• Strengthen my ability to critically view, the quickly changing paradigms of education as exemplified by Chen (2014) who discusses enticing students with content.  He also declares “Finally, disruption has come to education.”  This is very exciting to read. The risk  I see is that digital technologies have unfortunately made it easer to throw content at students.
  • Develop a more evidence based approach to my teaching practice.
  • Share my ideas more openly; and learn by doing so.

There is much to learn.

References:

Chen, M., (2014) Future of Learning: From Assigning to Enticing with Content. Retrieved from Institute For The Future. Future Now. The IFTF Blog: http://www.iftf.org/future-now/article-detail/future-of-learning-from-assigning-to-enticing-with-content/

Davies, A., Fidler, D., & Gorbis. M. (2011). Future work skills 2020. Institute for the Future for the University of Phoenix Research Institute: California

O’Connell, J. (2014). Trends in technology environments [ETL503 201430 Subject Outline]. Retrieved from Charles Sturt University website:
http://digital.csu.edu.au/inf530/module-1-the-information-environment/1-3-trends-in-technology-environments/

The Global One Room Schoolhouse: John Seely Brown (Highlights from JSB’s Keynote at DML2012). (2012, September 18). Retrieved March 15, 2014, from http://www.youtube.com/watch?v=fiGabUBQEnM&feature=youtu.be

 

 

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3 Comments
  1. An inquiring mind, a collaborative disposition, and a bunch of energy – yep, that’s you in action. Your writing is thoughful and challenging, and worth a read by everyone as we thrash out ideas together. Thanks!

  2. Simon you blog post was thought provoking and very well written and really made me reflect on my own experiences and myself. It made me question myself not only as a teacher but also as a learner, and while I can’t write as good as you…here are my thoughts, reflections and ideas.

    Your comment about how you learnt to become an independent learner after leaving institutionalised learning, made me realise that it was the same for me too. But where you have already become or recognise yourself as an ‘entrepreneurial learner’, I believe I am still on my way. Also the transferable skills you mentioned are essentially the types of skill that our students should be learning. These are the skills that transcend subjects, and allow students to become lifelong learners with skills that can be utilised for any job or career path.

    After re-watching the YouTube clip of John Seely Brown (Digital Media & Learning Research Hub [DMLResearchHub], 2012) I realised the emphasis that he puts on social skills in the network age. Social skills are important in the network age due to the importance of communication and collaboration.

    Brown (DMLResearchHub, 2012) also emphasises the importance of playing. While you called it tinkering in your blog post, I prefer the term play because whenever I discover any new technology I play with it until I understand it and determine its usefulness. But the differences between tinkering and playing are just the words themselves because the meanings are very similar.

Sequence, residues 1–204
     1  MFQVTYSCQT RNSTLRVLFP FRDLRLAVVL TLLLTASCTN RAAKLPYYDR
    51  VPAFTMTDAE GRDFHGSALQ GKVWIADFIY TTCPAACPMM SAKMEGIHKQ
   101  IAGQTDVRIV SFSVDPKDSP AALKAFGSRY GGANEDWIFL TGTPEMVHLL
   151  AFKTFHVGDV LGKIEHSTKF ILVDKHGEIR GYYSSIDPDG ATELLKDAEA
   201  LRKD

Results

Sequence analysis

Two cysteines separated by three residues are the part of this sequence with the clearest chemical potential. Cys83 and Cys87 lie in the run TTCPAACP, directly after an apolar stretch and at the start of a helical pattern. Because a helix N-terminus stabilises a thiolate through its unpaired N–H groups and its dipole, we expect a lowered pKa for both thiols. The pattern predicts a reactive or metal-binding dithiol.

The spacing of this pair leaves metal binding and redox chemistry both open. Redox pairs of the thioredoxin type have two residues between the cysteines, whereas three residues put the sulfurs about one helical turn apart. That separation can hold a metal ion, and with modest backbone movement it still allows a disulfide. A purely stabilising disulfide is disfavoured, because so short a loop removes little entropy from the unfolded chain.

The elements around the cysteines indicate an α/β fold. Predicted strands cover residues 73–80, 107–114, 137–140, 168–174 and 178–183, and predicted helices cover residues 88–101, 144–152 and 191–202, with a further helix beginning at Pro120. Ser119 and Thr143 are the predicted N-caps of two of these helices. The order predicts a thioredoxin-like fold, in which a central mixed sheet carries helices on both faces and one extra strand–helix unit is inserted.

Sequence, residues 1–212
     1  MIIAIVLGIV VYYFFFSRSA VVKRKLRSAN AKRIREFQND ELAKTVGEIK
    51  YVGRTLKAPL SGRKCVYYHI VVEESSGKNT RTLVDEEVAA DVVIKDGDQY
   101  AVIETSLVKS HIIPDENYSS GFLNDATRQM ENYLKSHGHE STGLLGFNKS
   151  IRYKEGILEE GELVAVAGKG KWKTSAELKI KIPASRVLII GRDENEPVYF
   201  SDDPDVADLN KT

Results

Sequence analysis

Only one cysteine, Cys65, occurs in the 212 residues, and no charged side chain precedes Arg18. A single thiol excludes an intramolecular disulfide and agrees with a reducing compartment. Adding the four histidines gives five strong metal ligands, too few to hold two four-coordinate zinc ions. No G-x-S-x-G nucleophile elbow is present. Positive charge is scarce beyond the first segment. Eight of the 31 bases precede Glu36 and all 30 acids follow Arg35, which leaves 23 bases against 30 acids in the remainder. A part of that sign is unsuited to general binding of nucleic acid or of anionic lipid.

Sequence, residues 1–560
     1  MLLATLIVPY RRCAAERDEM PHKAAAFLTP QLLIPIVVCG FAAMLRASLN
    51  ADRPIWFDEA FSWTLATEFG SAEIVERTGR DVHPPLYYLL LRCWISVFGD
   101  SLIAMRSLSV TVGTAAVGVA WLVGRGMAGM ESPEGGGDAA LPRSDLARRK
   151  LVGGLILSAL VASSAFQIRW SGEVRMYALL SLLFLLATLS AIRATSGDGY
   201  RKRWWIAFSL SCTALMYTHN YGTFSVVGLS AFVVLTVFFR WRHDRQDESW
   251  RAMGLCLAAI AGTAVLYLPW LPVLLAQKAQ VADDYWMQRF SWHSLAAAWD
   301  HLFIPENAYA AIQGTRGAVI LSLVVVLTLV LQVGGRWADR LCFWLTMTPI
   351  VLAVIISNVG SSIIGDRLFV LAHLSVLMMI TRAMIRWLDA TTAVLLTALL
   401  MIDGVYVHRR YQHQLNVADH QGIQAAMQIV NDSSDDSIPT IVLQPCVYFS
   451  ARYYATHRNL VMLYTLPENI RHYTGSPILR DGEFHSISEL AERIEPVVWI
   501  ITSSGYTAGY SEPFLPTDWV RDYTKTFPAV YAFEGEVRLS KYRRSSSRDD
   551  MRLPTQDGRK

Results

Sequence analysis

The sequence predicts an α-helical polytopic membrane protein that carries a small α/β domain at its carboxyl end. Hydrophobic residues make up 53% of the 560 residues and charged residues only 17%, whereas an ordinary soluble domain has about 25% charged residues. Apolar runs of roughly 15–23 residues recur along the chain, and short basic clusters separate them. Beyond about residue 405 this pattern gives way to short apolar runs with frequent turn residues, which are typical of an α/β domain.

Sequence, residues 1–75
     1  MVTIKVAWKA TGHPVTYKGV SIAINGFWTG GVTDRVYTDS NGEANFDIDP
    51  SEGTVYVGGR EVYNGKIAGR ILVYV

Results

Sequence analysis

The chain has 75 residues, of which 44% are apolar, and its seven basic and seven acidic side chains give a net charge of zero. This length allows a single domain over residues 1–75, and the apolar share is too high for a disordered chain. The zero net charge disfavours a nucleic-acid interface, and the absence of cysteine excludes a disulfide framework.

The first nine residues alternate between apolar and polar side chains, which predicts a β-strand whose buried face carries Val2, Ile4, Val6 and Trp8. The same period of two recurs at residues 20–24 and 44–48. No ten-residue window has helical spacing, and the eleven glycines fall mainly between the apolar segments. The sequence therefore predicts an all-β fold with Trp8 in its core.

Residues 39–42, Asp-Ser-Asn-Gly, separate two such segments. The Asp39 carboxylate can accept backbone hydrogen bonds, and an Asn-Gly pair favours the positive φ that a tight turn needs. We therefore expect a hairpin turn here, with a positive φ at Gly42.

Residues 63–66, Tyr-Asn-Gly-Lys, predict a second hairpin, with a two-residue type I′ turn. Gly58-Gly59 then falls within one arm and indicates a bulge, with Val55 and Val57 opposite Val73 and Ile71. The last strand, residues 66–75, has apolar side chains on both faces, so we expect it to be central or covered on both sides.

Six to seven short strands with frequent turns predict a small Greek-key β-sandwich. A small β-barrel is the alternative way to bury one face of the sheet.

Similarly Martinez and Stager (2013) discuss the importance of making, tinkering and engineering in the classroom. They propose numerous ways to incorporate making into the classroom and even present learning theories to support their case. It is a very good read if you have the time.

    You mentioned reflection in your post with regards to you reflecting on how your students learnt. I think reflection is important in the digital age, not only personal reflection but peer reflections as well. I guess this could come under the terms collaboration and/or communication that you mentioned as part of a digital pedagogy but personally I think it should be separate.

    I really liked the way that you used professional experiences to justify the theoretical knowledge from the subject. Unfortunately my professional knowledge is limited but in the ‘network age’ isn’t your knowledge only as limited as you network? So maybe while building my professional knowledge I need to build my professional network and collaborate and communicate on a more regular basis.

    I would really like to know your thinking on social media and teaching and if you have used it in your teaching and if so how.

    References:
    Martinez, S. L. & Stager, G. (2013). Invent to learn: Making, tinkering, and
    engineering in the classroom. Available from Amazon.

    Digital Media & Learning Research Hub [DMLResearchHub]. (2012, September
    18). The Global One Room Schoolhouse: John Seely Brown (Highlights from JSB’s Keynote at DML2012). Retrieved April 28, 2014, from http://www.youtube.com/watch?v=fiGabUBQEnM&feature=youtu.be